This is the view from the backside. on each LED we have power from the sides, which are supplied by the +5V/ground "rails". Data "flow" starts on bottom turns on top and goes down the next line of LEDs (blue dashed arrows), so the whole matrix is one single LED strip. As you can see I left a notch in each part for the data line (green circle), but not to the power line (was afraid to weaken the parts. red circle). So I went for the upper design, but will change the CAD data with new notches for the power wire aswell, to avoid the V-bended wire parts (see next log entry). Firstly I glued all wire parts from the packside to have all tips in place:
I glued the wire in place just by a spot of epoxy with syringe and blunt cannula. You can also see the gluing of the wooden parts, which were appied in the same way and only from behind.
So with alittle it of bending I had all wires in place. I then set the LEDs in place from top prevented from falling trought by the wire ends and holding in place for soldering by frictioin (holes are 5mm rectangele, solder pads stick out a little from that).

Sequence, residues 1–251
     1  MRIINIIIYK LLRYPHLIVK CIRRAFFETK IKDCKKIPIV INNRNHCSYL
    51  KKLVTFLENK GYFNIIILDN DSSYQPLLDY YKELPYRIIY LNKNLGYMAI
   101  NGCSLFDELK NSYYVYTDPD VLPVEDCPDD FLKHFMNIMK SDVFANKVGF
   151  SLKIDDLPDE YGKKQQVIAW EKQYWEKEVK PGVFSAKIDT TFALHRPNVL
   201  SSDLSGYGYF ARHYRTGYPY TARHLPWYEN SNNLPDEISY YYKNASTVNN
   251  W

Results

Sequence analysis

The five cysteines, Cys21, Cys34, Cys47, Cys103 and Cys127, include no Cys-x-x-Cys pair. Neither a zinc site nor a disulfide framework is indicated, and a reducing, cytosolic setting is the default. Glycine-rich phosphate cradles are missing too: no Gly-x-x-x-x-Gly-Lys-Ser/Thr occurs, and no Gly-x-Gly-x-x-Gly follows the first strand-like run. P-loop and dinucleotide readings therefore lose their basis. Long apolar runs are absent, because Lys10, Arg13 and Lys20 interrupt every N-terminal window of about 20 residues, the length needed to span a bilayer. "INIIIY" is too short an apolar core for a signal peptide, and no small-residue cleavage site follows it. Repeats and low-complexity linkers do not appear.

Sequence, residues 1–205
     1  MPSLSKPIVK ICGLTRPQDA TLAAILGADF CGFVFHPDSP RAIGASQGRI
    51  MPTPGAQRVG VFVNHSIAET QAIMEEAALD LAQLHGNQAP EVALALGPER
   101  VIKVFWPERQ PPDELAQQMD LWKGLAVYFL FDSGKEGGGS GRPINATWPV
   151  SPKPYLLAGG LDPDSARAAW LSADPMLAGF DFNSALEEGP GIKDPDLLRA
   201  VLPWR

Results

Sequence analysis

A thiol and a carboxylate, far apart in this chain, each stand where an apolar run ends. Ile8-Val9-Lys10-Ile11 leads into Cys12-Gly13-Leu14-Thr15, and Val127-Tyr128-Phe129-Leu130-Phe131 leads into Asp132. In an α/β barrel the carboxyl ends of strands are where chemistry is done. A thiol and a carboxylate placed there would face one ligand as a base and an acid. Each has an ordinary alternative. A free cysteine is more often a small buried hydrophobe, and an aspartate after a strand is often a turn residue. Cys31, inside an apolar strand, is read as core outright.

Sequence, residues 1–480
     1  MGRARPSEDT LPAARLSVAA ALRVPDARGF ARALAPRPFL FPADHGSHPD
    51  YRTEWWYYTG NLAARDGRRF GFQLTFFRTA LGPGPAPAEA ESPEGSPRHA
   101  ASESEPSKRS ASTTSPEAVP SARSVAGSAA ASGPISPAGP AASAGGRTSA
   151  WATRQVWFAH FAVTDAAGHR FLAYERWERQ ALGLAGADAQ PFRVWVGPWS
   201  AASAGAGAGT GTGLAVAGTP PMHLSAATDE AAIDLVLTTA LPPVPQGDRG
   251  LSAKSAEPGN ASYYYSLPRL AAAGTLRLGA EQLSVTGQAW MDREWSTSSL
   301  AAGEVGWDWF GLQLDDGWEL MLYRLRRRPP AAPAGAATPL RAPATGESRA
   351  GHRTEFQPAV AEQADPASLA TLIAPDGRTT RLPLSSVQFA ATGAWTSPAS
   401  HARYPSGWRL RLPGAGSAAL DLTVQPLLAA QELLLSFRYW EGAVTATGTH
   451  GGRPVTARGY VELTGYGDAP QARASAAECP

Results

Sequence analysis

For lasercutting I prepared 300x600mm pieces of 3mm MDF (medium density fiberboard), which were leftover from another project. I think about 15 of them (I'll load up the set of dxf files once I sort it out). After a session of cutting I ended up with this:
6 parts for the packplate and a pile for the horizontal and vertical parts. Next step is putting them together all parts with the open end facing to the floor: